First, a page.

SexSearch.com gets off on user's underage romp

Her profile said she was 18, your honor!

The judge rejected Doe's arguments that SexSearch was an information content provider because it reserved the right to revise profiles, pointing out that sites are only liable when they modify the specific information relating to a plaintiff's claims. Since the plaintiff here never argued that SexSearch modified Jane Roe's profile, the judge held that Section 230 applied to block the suit.

The decision completely ignored the recent Ninth Circuit Roommates.com opinion that stripped a roommate-search social network of its Section 230 immunity based on its practice of guiding roommate-seekers to certain profiles based on information provided during the registration process. The court ruled that this channeling created an additional layer of information that qualified the site as an information content provider.

That situation seems largely analogous to the current case, yet the court didn't give it a single mention. There could be a number of reasons for this: a) the plaintiff didn't bring it up in his arguments to the court; b) the decision isn't binding precedent on this district court, since it lies within the 6th Circuit; c) the judge, like nearly everyone else, thinks the 9th Circuit's decision was crap; or d) all of the above.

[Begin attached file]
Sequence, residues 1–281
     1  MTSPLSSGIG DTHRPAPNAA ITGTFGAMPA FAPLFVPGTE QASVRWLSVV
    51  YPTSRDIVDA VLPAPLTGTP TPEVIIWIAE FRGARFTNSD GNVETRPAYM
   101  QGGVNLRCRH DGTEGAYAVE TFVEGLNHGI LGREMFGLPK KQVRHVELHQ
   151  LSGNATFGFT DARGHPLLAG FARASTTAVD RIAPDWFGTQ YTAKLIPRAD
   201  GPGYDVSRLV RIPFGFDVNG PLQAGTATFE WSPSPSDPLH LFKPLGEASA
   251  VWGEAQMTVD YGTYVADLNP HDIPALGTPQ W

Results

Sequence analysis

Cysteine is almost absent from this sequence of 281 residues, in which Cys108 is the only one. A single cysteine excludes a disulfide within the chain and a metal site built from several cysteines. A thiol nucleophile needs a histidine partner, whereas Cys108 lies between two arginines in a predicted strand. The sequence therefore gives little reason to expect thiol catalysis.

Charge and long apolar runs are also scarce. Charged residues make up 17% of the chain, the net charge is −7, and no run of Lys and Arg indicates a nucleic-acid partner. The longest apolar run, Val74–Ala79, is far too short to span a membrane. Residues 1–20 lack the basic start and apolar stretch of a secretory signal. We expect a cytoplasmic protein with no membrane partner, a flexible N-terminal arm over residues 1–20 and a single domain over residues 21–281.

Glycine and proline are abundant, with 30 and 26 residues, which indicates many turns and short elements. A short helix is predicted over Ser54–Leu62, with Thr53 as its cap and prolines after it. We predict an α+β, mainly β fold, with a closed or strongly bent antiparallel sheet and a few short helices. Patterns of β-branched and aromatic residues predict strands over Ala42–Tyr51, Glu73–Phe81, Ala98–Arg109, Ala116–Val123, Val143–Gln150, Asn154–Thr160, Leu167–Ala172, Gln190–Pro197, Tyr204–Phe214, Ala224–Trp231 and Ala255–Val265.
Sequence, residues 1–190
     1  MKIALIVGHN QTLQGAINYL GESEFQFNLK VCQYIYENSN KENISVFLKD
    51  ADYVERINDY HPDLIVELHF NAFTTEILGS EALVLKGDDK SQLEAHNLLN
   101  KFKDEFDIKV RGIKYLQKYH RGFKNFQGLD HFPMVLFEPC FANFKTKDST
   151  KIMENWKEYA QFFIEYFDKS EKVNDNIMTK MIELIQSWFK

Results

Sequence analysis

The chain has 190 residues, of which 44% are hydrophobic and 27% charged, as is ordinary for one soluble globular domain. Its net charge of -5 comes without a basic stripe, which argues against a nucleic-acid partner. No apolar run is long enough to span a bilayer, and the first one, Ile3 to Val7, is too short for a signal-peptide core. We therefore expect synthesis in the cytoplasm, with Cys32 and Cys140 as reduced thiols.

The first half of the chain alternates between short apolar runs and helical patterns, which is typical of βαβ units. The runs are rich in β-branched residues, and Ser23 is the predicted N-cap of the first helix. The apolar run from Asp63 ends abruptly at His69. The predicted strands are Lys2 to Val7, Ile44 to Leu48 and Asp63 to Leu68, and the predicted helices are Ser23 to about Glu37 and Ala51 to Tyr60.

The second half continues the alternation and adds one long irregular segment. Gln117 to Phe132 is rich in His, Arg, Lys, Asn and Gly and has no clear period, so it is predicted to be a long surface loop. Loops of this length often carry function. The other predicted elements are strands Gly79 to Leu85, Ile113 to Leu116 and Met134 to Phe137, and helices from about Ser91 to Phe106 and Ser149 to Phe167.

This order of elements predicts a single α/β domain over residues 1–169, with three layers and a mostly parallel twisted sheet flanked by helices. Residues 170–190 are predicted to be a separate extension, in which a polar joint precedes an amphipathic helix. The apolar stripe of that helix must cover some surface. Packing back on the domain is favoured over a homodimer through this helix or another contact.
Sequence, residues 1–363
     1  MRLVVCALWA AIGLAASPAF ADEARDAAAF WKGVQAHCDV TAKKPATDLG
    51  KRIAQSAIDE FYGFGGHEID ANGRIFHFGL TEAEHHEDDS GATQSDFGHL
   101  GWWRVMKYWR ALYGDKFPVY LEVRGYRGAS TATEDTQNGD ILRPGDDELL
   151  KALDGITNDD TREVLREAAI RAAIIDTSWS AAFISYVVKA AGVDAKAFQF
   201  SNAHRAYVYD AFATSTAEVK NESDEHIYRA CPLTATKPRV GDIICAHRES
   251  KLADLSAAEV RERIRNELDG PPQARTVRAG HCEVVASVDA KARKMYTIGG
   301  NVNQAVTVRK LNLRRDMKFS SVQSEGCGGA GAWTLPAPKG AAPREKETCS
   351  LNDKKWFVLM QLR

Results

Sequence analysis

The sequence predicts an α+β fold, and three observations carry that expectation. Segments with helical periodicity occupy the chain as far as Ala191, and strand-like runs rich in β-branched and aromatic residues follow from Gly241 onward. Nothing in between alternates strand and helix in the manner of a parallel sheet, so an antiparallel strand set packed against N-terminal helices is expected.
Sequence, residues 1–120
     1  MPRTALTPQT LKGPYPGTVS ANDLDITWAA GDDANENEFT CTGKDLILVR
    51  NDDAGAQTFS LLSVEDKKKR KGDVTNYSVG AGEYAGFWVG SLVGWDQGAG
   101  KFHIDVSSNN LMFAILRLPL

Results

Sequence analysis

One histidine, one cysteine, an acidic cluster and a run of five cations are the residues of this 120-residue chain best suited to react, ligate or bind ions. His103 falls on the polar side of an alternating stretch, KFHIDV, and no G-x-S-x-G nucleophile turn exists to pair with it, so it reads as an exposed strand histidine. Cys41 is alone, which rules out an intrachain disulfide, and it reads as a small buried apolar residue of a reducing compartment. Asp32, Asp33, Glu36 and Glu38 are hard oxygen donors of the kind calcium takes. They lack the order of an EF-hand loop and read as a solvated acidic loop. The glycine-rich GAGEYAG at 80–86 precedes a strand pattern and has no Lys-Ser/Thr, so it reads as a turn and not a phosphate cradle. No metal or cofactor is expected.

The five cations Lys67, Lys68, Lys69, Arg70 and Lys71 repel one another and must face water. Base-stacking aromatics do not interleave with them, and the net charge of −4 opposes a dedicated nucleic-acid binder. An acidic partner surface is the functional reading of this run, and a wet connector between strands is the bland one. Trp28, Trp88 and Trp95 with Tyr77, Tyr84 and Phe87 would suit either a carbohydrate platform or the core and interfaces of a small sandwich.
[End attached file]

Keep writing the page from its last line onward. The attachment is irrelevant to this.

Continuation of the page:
Instead of following the 9th Circuit down the rabbit hole, the judge's ruling more closely tracked the Doe v. Myspace decision out of Texas that exonerated the popular social network against claims of negligence following the sexual assault of a minor by a man she met through MySpace.

Not only did the courts both find that Section 230 applied, but they also found that it protected the sites against charges other than the usual claims of defamation - breach of contract and fraud for SexSearch, and negligence for MySpace.

The court here went even further for SexSearch, and also ruled that Doe's claims failed on the merits. That is, even without the Section 230 immunity, Doe hadn't stated a case that had any legal possibility of success.

While Doe may be out of luck, the ruling is good news for social sex networks and dating sites. But it may also turn out to be bad for the users of those services.

With no impetus for the sites to weed out age cheats, the possibility that more John Does out there could find themselves surrounded by cops one morning only increases.

Of course, as the judge here pointed out, Doe did have ample opportunity to verify Roe's age before having sex with her.

And considering that she was barely out of middle school and he was meeting her at her family home, that probably would have been wise.®

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